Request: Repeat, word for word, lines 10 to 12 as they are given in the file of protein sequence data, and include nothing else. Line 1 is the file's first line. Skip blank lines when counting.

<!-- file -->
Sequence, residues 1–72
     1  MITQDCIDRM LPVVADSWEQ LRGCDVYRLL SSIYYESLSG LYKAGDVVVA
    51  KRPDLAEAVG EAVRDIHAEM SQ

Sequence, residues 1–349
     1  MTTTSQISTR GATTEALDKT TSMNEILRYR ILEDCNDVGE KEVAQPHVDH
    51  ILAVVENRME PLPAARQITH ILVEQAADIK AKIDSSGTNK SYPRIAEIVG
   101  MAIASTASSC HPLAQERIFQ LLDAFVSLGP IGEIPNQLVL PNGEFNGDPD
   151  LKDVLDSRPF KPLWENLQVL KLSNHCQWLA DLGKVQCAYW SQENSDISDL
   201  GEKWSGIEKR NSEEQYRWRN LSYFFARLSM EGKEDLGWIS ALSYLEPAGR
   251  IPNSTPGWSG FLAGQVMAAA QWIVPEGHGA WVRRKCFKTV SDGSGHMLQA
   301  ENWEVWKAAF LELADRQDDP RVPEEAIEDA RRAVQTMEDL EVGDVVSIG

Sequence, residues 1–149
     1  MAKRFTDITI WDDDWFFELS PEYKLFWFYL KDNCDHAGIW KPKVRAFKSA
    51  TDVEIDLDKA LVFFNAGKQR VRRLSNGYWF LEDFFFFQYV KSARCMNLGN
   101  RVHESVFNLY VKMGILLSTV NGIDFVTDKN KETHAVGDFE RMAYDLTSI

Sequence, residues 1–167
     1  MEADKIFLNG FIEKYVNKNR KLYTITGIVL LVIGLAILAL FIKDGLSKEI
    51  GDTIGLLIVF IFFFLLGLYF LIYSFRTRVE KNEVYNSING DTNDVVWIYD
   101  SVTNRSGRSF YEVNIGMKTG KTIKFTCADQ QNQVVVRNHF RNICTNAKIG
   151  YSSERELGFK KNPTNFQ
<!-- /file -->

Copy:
   251  IPNSTPGWSG FLAGQVMAAA QWIVPEGHGA WVRRKCFKTV SDGSGHMLQA
   301  ENWEVWKAAF LELADRQDDP RVPEEAIEDA RRAVQTMEDL EVGDVVSIG

Sequence, residues 1–149